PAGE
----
Tug firm to pay repairs in Navy boat collision Company settles out of court for bill of $245,000

October 01, 1992|By Peter Hermann | Peter Hermann,Staff Writer

A tug boat company will pay $245,000 to repair a Naval Academy sailboat that sank last year in the Chesapeake Bay when it collided with a coal barge, according to the terms of an out-of-court settlement reached yesterday.

While the Robert Dann Towing Co., based in Chesapeake City, did not admit liability in the accident, it agreed to pay the entire cost of fixing the American Promise, which was salvaged four days after the April 21, 1991 accident, government officials said.

"To say the least, we are extremely excited," said Cmdr. Mike John, a Naval Academy spokesman. "We can now do what we've always wanted to do. Our goal is to train midshipmen, not litigate cases."

The company agreed to pay for repairs despite a Coast Guard report that split the blame for the accident and raised questions about who actually owned the vessel -- the academy or the Naval Academy Sailing Foundation, a private organization that solicits donations of sailboats to the academy.

The owner of the tug boat company, Robert Dann Sr., refused to comment.

The American Promise, which cost $1.25 million to build, was donated to the academy in 1986 by Dodge Morgan after he sailed it on a record-breaking solo voyage around the world. The day after the accident, Mr. Morgan compared the sailboat sinking to "losing an old friend."

Yesterday, he said, "Maybe the friend will be off the respirator and back into society. . . . It's good to have her back in the water in a training function."

The Department of Justice and the Naval Academy announced the settlement yesterday afternoon, nearly 18 months after the early morning collision just north of Cove Point near the mouth of the Patuxent River.

A 365-foot Baltimore Gas and Electric barge loaded with 7,500 tons of coal was being pushed north by the tug from Newport News, Va., to the Brandon Shores power plant in northern Anne Arundel County.

The 60-foot American Promise was returning to the Naval Academy from a two-day training mission in the southern bay. The Coast Guard says the sailboat crossed in front of the barge as its crew members wrestled with a rigging problem.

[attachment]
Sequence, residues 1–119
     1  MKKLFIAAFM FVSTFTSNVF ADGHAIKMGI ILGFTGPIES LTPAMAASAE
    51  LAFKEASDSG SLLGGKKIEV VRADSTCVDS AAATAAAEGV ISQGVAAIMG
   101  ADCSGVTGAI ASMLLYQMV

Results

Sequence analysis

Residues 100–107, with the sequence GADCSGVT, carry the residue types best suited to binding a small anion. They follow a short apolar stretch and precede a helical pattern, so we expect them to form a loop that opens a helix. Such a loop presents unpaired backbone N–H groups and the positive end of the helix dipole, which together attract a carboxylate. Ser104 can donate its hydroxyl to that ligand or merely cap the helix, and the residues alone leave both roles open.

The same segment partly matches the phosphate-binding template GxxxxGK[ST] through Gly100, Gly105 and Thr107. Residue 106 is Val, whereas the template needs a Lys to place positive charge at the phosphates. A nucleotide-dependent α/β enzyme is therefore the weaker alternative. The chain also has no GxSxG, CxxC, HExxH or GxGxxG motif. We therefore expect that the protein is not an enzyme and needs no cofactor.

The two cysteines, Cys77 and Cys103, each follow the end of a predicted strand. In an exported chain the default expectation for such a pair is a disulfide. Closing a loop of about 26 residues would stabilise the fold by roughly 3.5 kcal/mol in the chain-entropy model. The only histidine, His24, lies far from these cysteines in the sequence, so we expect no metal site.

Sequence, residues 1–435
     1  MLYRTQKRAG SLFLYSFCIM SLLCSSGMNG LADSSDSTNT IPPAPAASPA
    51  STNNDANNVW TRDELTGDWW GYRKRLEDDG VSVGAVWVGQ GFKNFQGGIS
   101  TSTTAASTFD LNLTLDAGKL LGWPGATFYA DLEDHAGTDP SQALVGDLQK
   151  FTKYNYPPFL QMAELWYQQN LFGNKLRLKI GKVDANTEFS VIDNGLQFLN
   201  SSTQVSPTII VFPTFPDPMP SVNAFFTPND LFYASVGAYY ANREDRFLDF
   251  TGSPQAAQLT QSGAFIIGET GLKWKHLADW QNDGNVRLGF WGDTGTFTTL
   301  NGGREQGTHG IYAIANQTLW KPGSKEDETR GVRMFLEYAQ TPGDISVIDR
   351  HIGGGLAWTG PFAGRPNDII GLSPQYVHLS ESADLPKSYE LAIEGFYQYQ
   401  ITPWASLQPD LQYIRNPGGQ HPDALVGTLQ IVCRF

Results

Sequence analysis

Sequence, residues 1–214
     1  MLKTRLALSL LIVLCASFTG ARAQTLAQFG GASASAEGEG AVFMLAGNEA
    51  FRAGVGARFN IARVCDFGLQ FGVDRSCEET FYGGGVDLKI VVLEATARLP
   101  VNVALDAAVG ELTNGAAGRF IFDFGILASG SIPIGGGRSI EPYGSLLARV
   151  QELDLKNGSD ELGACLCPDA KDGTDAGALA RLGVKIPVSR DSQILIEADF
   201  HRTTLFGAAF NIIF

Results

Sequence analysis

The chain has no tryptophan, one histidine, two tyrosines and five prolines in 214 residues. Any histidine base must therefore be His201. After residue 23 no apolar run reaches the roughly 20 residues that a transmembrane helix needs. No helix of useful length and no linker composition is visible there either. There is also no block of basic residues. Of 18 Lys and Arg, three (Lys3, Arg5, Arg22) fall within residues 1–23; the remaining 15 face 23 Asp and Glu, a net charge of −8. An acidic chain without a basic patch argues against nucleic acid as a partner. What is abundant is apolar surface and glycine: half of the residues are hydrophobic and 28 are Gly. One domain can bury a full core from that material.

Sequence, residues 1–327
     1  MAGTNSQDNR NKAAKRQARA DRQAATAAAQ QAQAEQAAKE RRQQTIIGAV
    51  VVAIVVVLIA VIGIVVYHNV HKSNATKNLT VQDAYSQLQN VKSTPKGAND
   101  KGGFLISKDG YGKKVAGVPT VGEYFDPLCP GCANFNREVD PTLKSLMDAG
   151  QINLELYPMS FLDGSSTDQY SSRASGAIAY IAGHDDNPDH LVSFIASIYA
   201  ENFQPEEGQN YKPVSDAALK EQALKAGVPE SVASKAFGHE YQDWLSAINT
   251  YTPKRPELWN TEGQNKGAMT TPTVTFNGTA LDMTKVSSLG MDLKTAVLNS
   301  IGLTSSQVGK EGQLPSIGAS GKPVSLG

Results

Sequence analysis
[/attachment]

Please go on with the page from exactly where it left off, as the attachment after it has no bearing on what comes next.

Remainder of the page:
The Coast Guard report, which is in the files at the National Transportation Safety Board, suggested that the American Promise crew and the towing company shared blame for the accident. The report concludes that the towing company didn't sound its horn in time for the sailboat crew to take evasive action, but also faults academy sailors for being distracted by the tangled sails, not keeping a proper lookout and failing to monitor emergency channels.

Safety board officials say their final report should be made public this month. A court date in the lawsuit was scheduled for Oct. 19.

Joseph Krovisky, a spokesman for the Department of Justice, said that the settlement, which followed five months of negotiations, ends the lawsuits filed by both the Navy and the towing company.

In court papers, each side blames the other for the accident. Robert Dann Co. sought a court order exonerating it from liability, and the government asked for $1.15 million -- $1 million for repairs and $115,000 for raising the sunken vessel.

But Mr. Krovisky said yesterday that those figures were early estimates and that the cost of raising the sailboat was much less than $115,000.

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